Another competitor of SandRidge Energy in the oil and gas sector is Devon Energy (NYSE: DVN). In fact, Devon drills in the same West Texas, Oklahoma, and the Gulf Coast areas that SandRidge drills. Devon Energy's stock rebounded from its October lows and recently settled at 71.00. The Devon Energy stock chart is seasonal and corresponds with the United States annual transportation and driving periods. Devon, like SandRidge, went on a selling spree as oil prices rose. They got rid of $9 billion in the Gulf of Mexico holdings and sold assets in Brazil in 2011 totaling over $3 billion.
Devon has a lot of cash reserves, but unlike SandRidge, has not been involved in any mergers or acquisitions recently. Devon is a more cautious company compared to SandRidge and moves much slower in acquiring companies. This sometimes causes investors to overlook Devon or even rate the stock lower than a company like SandRidge. Devon Energy's CEO, John Richels, said just last week Devon would not be buying any companies and would be putting more of its money into exploration. I like the extra cash, and I can live with slow and cautious. Devon Energy, in my opinion, is not reacting to the investment crowd or bowing to pressure. SandRidge is still a good stock, but I like Devon more.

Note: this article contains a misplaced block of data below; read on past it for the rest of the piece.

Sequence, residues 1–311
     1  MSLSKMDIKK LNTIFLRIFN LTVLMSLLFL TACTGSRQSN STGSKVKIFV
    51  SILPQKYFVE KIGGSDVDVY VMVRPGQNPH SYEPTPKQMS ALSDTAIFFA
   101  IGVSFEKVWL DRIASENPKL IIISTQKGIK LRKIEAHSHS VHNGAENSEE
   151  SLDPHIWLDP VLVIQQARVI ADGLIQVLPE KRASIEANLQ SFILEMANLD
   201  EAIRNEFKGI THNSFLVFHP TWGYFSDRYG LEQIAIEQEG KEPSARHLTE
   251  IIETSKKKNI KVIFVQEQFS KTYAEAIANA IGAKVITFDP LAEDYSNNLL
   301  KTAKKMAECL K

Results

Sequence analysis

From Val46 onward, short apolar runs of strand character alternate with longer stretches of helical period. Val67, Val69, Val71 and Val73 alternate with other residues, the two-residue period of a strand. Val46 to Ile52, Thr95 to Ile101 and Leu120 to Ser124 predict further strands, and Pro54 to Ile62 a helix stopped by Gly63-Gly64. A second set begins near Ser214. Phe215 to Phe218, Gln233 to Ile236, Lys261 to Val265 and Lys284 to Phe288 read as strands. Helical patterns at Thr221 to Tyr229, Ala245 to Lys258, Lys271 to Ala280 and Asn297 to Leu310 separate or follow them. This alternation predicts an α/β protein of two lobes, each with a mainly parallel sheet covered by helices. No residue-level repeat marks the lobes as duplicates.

Chesapeake (NYSE: CHK) is not as versatile as SandRidge, which explores for both oil and gas. Currently, Chesapeake is having a tough time with depressed natural gas prices which SandRidge has not had to deal with as much. SandRidge has concentrated on oil production until natural gas returns to more normal levels. Chesapeake has been using new technology, such as the fracking method, to reach undrillable areas and remove the gas. However, some scientists have questioned the ecological cost of fracking and are doing studies to see if there's damage to the water supply.
Chesapeake and SandRidge both may have to rethink using this method of drilling. This depends on what the science determines and what our government decides to do. There may be problems with litigation later if the fracking is outlawed, and SandRidge and Chesapeake could have similar liabilities. SandRidge is in a better situation than Chesapeake because it has income from oil. Chesapeake's stock will stay under pressure until the gas market goes back up. SandRidge is my stock choice rather than Chesapeake for these reasons.
So, where does SandRidge go from here? SandRidge will continue to pick up small companies that add value and make operational sense. They will continue to add oil and gas reserves, especially offshore in the Gulf of Mexico. Their current reserves and land leases as well as their sturdy balance sheet makes them an attractive merger target. SandRidge may be a candidate for a take over in the future even if they don't want to merge because of the small market cap. The chance of takeover by a larger company goes down the bigger their market cap gets. Therefore, growth in all aspects of the company will be something that the company will aspire to in the next decade.